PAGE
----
The Cold War Conflicts
In the museum’s Korean War display, guests go into a room where a wall of ice, constructed from poured resin, enables them to more fully understand the plight of the Marines at the “Frozen Chosin” Reservoir in 1950. Highlighted in the display is the heroic stand of Fox Company, 2nd Battalion, 7th Marines, led by Captain William E. Barber, which, although surrounded by thousands of Chinese troops, tenaciously held its position at the TokTong Pass to protect vital supply lines. Inside the display, visitors feel the cold temperatures as infantrymen manning their positions wait for an impending night attack. Prerecorded voices and illuminating effects give an almost visceral feeling of realism to the exhibit.
Another museum exhibit illustrates the pain and suffering that American prisoners of war had to endure while in captivity. A 2-by-3-by-4-foot “containment box,” constructed based on the memories of a former Korean War POW, reveals how inhumanely the prisoners were treated by their North Korean captors. Once inside the small confinement area, a prisoner could not stand, sit, or move. It was war on the smallest, most personal scale.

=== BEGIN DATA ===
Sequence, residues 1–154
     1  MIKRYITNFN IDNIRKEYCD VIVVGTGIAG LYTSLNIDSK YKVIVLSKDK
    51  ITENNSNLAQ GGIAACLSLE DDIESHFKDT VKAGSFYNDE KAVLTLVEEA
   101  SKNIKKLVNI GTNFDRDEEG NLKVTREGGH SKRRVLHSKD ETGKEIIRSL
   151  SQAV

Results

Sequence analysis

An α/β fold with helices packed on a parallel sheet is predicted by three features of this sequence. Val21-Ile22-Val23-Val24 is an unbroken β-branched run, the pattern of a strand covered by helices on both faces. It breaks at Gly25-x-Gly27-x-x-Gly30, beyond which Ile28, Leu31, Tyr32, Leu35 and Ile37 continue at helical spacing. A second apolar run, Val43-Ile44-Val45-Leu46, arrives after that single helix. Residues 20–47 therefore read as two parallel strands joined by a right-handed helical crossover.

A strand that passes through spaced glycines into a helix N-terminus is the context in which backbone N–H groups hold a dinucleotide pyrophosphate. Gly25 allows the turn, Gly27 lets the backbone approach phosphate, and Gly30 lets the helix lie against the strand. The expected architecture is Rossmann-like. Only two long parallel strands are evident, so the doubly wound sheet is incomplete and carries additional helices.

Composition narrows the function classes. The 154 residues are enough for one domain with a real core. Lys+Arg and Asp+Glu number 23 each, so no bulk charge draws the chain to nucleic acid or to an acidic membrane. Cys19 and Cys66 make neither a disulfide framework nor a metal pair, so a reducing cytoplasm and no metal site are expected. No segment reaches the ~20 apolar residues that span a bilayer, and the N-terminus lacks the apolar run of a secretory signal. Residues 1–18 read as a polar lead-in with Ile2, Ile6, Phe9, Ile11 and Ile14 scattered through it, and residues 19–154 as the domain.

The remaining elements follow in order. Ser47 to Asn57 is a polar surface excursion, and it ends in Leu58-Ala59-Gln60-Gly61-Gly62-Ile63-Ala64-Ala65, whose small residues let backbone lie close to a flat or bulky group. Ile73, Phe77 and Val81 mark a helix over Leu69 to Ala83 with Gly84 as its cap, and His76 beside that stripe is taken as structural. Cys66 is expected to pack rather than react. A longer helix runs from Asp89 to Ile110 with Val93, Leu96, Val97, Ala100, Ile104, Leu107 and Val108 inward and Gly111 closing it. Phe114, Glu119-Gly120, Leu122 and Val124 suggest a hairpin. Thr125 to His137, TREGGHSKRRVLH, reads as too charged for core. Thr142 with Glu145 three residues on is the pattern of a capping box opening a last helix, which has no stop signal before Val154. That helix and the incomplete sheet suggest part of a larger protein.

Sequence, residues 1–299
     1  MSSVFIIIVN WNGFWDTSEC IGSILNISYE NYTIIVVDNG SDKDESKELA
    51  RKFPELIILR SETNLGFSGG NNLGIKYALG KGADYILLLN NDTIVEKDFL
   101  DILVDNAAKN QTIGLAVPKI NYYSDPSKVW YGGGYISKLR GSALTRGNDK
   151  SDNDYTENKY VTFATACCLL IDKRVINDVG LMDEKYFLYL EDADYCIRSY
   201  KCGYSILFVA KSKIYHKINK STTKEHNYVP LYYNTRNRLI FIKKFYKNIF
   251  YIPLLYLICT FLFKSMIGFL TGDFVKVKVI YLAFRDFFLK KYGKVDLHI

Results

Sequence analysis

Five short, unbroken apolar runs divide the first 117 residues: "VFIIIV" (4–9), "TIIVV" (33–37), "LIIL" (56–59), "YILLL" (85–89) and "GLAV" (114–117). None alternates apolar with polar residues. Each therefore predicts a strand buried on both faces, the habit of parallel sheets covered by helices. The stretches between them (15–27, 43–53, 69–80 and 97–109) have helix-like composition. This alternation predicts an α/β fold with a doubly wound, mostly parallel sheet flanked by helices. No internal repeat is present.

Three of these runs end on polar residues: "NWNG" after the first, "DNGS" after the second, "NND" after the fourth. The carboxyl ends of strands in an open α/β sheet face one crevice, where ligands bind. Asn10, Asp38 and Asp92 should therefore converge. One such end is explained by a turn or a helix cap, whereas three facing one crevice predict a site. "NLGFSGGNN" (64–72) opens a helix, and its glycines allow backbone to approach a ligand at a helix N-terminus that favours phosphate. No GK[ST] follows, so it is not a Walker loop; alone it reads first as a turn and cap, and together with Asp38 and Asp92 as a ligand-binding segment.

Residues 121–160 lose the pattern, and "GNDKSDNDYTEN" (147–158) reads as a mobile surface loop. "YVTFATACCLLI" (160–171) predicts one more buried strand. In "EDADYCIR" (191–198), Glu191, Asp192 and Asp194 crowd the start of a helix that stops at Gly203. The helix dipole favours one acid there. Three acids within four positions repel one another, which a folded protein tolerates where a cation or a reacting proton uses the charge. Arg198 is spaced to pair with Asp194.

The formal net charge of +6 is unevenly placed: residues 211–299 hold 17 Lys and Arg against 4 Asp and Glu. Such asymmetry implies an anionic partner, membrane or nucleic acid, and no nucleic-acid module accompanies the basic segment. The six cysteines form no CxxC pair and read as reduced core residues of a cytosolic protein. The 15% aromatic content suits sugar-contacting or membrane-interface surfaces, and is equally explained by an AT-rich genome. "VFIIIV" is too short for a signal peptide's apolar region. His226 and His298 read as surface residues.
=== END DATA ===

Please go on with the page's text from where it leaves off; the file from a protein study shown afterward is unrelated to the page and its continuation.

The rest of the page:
From the Korean War era, visitors enter the Vietnam War display area. Objects from the fighting in the Southern and Northern I Corps regions of South Vietnam are shown, including a Viet Cong pungi stake pit, a Marine peering into a spider hole in a Vietnamese village, and other items captured during combat operations in Quang Nam Province. The 30-day struggle to liberate Hue City is showcased as well, along with a fascinating model of the airstrip at Chu Lai that was constructed in less than 30 days to enable American aircraft to supply valuable support to the muddy Marines in the field.
Perhaps the most amazing exhibit in the Vietnam War section is the authentic recreation of the defense of Hill 881 South during the siege of Khe Sanh in 1968. Complete with the ever-present red clay indigenous to that part of the country, visitors enter the exhibit from the back of a CH-46 Sea Knight helicopter, just as Marines did during the war. Many will also notice the warmer and more humid air, recreating the tropical conditions that American troops had to endure at that time. Complete with sandbags, sounds of incoming mortars, and the other audio-visual effects, a visitor can feel what it was like to have been atop the hill during the battle.
An Expanding Museum Experience
Beginning in mid-2015, the museum proceeded with another massive undertaking, adding 87,000 square feet that will include a giant theater, new mechanical room, classrooms, education art gallery, and exhibits that honor those Marines who served from the Cold War to Beirut to the present-day wars in Iraq and Afghanistan. The project will be done in phases and is scheduled to be completed by 2019.